9 Must-See Places in Utah and Arizona

Are you craving a desert vacation filled with fantastic rock formations and countless hikes and tours? Lace up your comfortable shoes and come with us on your Midwest getaway to Arizona and Utah. Here are just 9 of our favorite places.

The Grand Canyon
At the top of anyone’s list is the natural wonder that is the Grand Canyon. Whether you’re on a guided tour or just exploring on your own, the rock formations and valleys are sure to impress.

South Rim Trails
The southern rim of the canyon offers many hiking trails and scenic points to watch the sunset. Our favorites include Mather Point, Yavapai Point, and Hopi Point – each offers a different view for a unique experience. If hiking is not your thing, consider a mule ride.

North Rim Adventures
If you’re looking for rafting or camping, the northern rim offers camps like Kaibab Lake and photo opportunities like Bright Angel Point. This is the least touristy area of the canyon and the highest elevation. You can drive a good portion of this area on paved roads.

Antelope Canyon
Have you ever wondered what waves made of rock would look like? Look no further than Antelope Canyon. These monuments are sure to be every photographer’s dream. (These locations are closed for the remainder of 2020 so add them to your list for 2021.)

Upper Antelope Canyon
Morning photography tours are a must in the upper canyon. With reports of the light changing completely every 20 or so minutes, it doesn’t take long for you to have a variety of unique shots.

Lower Antelope Canyon
The tours in the lower canyon are slightly less expensive and a great experience any time of the day. While you might have to make a trade in the absence of light beams, the light sticks around slightly longer, and the deeper canyons make for a completely different set of photos.

Horseshoe Bend
Between the Grand and Antelope canyons lies Horseshoe bend. Known for the river that cuts through the valley to form the luckiest charm of all and offers a short hike from the interstate to the lookout.

Havasupai Reservation
Experienced hikers thrive in the Havasupai reservation and can be rewarded with gorgeous views for their proper planning. Havasu, Mooney, and New Navajo Falls are all located on the reservation. Be sure to plan and check the National Park Service (NPS) website for alerts and closures before you hike. Reservations are required for any hiking or camping.

Lake Powell
Lake Powell allows tourists to get in the water via paddleboard tours and self-guided rentals. Located in Page, AZ, you can access cliffs, beaches, and more via the lake. Rent a houseboat and float along the 2000 miles of shoreline.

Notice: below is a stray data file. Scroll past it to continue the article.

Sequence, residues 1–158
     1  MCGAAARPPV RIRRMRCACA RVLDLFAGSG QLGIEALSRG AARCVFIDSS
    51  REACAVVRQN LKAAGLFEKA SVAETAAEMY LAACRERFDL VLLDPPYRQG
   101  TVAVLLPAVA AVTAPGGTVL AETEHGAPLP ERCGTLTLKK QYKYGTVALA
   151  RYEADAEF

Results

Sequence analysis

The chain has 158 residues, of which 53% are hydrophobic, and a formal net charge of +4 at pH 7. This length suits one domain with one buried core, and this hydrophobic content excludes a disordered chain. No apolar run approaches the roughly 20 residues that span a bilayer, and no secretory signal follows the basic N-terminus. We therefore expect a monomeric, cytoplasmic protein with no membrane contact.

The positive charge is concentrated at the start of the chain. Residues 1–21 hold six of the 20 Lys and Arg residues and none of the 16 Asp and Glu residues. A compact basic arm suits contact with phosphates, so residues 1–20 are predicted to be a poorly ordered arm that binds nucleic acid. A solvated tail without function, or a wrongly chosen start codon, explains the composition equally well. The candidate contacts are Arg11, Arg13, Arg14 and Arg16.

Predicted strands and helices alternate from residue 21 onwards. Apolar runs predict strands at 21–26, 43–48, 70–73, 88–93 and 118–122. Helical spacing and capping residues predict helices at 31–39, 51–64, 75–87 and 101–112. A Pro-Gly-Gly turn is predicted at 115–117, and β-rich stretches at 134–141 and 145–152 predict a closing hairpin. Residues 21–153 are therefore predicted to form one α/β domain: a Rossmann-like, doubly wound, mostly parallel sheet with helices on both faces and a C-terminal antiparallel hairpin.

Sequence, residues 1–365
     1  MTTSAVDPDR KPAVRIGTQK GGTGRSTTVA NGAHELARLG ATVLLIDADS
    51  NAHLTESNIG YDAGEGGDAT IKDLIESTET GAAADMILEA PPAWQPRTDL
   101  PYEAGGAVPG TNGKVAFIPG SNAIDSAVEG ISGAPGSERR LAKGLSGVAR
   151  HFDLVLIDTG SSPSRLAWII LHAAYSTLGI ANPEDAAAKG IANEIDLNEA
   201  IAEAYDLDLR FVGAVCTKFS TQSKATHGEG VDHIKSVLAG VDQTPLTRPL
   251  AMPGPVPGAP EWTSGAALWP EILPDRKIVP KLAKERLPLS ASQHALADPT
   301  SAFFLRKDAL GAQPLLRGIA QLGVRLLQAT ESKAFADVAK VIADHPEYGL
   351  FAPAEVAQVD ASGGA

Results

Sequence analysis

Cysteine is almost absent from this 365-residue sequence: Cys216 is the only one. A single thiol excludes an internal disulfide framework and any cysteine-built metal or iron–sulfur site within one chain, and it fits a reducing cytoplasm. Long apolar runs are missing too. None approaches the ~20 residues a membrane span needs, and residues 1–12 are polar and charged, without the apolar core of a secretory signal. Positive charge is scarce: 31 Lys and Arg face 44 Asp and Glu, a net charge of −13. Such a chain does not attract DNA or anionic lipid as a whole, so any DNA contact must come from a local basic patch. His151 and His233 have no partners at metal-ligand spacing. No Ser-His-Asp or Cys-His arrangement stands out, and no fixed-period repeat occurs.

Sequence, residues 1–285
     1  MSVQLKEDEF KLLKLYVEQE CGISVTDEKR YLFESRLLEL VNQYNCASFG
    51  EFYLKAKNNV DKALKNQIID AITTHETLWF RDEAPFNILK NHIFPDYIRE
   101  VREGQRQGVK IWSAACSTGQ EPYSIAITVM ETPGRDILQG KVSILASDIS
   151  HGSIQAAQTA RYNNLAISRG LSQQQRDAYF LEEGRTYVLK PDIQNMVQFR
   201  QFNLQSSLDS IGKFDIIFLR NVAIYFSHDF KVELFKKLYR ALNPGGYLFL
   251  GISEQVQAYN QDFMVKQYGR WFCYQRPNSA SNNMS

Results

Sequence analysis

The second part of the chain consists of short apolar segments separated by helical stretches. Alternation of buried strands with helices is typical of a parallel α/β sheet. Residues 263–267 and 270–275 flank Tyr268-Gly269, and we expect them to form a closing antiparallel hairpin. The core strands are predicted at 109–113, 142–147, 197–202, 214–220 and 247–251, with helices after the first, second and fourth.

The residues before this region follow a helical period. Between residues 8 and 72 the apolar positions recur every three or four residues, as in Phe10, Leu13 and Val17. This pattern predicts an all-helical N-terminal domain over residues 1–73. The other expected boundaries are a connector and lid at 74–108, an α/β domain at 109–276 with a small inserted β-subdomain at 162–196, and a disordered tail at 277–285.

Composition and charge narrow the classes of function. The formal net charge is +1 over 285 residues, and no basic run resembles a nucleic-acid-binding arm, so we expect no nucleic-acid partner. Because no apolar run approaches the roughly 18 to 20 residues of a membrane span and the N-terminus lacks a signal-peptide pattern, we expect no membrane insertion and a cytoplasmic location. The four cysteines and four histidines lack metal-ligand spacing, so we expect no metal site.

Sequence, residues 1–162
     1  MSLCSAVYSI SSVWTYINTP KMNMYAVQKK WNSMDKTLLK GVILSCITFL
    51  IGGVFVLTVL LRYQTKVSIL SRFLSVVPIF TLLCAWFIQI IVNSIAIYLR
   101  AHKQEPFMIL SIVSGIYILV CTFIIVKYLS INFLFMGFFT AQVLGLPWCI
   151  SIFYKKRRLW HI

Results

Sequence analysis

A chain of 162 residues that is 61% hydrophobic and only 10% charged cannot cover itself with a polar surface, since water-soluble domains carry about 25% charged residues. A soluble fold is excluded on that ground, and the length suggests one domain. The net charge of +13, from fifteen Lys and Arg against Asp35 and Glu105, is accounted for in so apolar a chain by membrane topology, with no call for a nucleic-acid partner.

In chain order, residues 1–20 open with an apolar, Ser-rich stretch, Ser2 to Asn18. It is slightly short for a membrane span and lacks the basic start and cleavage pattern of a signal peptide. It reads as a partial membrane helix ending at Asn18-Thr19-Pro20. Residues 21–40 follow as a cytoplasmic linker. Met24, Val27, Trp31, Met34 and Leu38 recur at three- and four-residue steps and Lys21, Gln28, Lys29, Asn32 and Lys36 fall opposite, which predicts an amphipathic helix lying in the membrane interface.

Monument Valley
Jumping into Utah, Monument Valley is the perfect connection point into the Beehive State from Arizona. Take a jeep excursion with a Navajo guide for a unique and all encompassing experience.

The Mittens
Sure, to amaze are the jutting rock structures known as The Mittens due to their shape. The thumb-like deviations resemble the perfect pair of cozy winter mittens. This area is great for a tour because it encompasses an area of 40 by 50 miles.

Arches National Park
As the name suggests, Arches National Park is full of natural land bridges and towering rock arches that look like they could have been carved by man. It’s located in Utah and is the world’s largest concentration of natural sandstone arches. This area is amazing for families offering easy hikes in many locations.

Bryce Canyon
Another of Utah’s National Parks nicknamed “The Mighty 5,” Bryce Canyon is home to some more leisurely hikes and trails than it’s Arizonian counterpart in Havasupai. Camp here and spend the night gazing at the stars. 7500 stars shine making the light so bright, you can see your shadow at night.

Navajo Loop Trail
At a mere 1.3 miles, the Navajo Loop Trail is a seasonal trail beginning and ending at the Sunset Point amphitheater and combinable with other trails for hikers wanting to go a little farther. The trail descends 800 feet and packs a lot of amazing scenery into a very small package.

Queens Garden Trail
In addition to the Navajo Loop Trail, the Queens Garden Trail is a short, 0.9-mile route that drops about 320 feet below the canyon rim. It’s just about a half hour hike so great combined with one or more of the other trails.

Zion National Park
No list would be complete without mentioning Zion National Park which includes trails like Angel’s Landing and both the Upper and Lower Emerald Pools which cover a distance of 2 miles round trip. This area has it all with options for horseback riding, canyoneering, hiking, birding, and wildlife.

No matter the location you choose, check the national park’s websites for opening and closure information as well as reservation requirements.

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